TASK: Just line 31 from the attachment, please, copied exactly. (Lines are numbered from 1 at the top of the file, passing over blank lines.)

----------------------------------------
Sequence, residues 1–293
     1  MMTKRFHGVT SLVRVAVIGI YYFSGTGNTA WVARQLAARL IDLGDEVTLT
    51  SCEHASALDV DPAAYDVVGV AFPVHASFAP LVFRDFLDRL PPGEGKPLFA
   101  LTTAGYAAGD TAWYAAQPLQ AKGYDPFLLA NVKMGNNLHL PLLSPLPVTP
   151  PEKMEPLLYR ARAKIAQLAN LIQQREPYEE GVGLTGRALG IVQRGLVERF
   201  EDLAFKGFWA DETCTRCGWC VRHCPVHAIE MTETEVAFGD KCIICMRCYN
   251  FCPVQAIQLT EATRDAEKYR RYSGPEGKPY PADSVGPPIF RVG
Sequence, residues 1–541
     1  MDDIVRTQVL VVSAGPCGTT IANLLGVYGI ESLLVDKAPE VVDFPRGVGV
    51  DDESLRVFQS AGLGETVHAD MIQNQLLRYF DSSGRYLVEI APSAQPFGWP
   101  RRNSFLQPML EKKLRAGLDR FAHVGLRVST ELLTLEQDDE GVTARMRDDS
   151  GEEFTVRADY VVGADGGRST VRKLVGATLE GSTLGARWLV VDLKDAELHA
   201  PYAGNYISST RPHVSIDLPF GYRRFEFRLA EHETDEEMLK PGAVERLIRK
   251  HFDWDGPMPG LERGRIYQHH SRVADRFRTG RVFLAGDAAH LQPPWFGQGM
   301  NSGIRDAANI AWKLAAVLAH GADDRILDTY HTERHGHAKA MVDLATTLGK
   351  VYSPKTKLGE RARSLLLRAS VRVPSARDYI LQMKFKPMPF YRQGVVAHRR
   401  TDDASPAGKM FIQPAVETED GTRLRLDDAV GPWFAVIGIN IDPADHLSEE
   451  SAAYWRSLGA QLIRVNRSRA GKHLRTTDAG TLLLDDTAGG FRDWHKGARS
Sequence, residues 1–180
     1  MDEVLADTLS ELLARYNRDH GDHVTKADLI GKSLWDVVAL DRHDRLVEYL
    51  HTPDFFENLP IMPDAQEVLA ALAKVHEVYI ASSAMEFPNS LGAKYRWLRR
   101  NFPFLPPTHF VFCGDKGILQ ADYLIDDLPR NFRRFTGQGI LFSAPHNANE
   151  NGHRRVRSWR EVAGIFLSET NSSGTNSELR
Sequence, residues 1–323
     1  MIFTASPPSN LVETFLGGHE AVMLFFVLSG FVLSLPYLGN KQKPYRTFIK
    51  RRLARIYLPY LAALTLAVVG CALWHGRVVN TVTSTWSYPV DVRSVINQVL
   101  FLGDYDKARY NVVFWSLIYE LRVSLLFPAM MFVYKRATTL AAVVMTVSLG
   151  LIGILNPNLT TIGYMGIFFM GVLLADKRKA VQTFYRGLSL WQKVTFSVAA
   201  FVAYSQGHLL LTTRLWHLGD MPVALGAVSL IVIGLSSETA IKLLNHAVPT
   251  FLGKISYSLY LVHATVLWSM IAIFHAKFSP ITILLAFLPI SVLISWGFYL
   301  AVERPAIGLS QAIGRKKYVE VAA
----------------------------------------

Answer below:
   301  AVERPAIGLS QAIGRKKYVE VAA